Atlanta, which has the best record in the NL, salvaged the final game of the four-game set. Andrelton Simmons hit his 12th homer of the season for Braves, who finish a six-game road trip at 2-4.
St. Louis had a four-game winning streak snapped.
Minor may not claim to be the team ace - but he certainly performed like one on Sunday, halting a three-game losing streak.
He bounced back from the shortest outing of his career to give up one run on six hits. He struck out two and walked one. He was pitching on seven days rest after allowing four runs in 1 2-3 innings against Washington on Aug. 17.
"I felt like I was pounding the zone, hitting more spots," Minor said.
Minor did not allow a run until the sixth. He retired the side in order twice in the first five frames.
"He's developing into a big-time deal," Atlanta manager Fredi Gonzalez. "The Wainwrights of the world, the Kershaws of the world, they stop losing streaks and extend winning streaks.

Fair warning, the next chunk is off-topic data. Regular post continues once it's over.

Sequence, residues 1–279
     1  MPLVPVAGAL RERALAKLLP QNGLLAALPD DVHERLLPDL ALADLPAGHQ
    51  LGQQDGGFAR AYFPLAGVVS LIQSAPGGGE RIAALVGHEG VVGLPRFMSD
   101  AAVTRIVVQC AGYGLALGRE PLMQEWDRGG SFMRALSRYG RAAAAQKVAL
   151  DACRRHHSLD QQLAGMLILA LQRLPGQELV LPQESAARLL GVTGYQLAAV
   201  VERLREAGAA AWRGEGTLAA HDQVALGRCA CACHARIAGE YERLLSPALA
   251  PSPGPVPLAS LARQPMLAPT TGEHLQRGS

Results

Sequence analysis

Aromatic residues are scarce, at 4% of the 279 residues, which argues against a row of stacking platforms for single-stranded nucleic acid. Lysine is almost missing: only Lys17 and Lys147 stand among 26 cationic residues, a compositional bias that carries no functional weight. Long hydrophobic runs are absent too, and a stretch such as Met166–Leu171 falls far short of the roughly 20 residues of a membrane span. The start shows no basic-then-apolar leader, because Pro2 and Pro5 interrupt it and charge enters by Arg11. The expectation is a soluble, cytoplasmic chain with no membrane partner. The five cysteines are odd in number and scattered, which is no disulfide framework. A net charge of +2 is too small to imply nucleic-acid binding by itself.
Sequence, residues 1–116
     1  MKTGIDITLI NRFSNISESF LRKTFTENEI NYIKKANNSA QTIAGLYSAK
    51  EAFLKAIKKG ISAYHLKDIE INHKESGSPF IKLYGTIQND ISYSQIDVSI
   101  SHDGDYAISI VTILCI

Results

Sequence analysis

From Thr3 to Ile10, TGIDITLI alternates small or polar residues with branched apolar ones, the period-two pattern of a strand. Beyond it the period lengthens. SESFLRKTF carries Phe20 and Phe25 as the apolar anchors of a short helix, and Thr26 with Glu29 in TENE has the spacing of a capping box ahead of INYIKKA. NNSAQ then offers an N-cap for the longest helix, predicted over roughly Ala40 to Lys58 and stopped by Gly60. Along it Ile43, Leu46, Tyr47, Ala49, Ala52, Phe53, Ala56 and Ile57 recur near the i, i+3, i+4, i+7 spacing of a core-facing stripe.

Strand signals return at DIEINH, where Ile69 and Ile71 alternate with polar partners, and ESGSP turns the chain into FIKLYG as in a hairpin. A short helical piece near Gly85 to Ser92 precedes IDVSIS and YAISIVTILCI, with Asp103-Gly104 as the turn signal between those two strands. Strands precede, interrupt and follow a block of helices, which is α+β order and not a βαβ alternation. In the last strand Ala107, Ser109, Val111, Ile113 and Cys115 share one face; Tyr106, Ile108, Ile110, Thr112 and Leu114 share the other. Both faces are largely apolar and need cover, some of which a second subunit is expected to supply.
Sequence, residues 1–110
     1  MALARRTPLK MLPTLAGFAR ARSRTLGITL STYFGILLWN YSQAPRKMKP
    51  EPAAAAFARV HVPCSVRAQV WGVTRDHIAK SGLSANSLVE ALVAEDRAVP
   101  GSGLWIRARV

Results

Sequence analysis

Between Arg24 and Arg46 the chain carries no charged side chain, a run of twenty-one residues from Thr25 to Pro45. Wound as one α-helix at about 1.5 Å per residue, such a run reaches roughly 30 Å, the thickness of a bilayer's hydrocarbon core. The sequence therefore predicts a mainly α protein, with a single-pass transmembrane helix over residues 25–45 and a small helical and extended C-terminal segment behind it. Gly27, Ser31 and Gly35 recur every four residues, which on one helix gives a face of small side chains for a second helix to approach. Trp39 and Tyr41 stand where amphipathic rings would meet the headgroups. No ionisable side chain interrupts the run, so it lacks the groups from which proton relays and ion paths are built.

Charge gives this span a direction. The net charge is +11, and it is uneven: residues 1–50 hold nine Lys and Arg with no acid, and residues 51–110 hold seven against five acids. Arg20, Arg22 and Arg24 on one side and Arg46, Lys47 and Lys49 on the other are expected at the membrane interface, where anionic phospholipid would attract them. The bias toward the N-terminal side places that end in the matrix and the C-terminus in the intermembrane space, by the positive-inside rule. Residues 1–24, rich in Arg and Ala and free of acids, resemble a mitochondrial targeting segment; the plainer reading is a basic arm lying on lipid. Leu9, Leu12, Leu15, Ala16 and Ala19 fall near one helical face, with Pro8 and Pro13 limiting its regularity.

He's becoming one of those guys."
Minor also beat the Cardinals 4-1 on July 26, starting the Braves on a 14-game winning streak.
"He was sharp today, he didn't give us a lot of mistakes to handle," Matheny said. "And he got out of any kind of jams that he got himself into."
Minor, who also legged out an infield hit in the seventh, recorded his team-high 19th quality start.
The win gave Minor a team-leading 13th win of the season ahead of Kris Medlen and Julio Teheran, who have 10 wins each.
Simmons paced the attack with a solo shot in the seventh that gave the Braves a 4-1 lead.
Closer Craig Kimbrel came on with two out in the eighth and picked up his 41st save in 44 opportunities. It was his first four-out save of the season. a trend that may continue in October.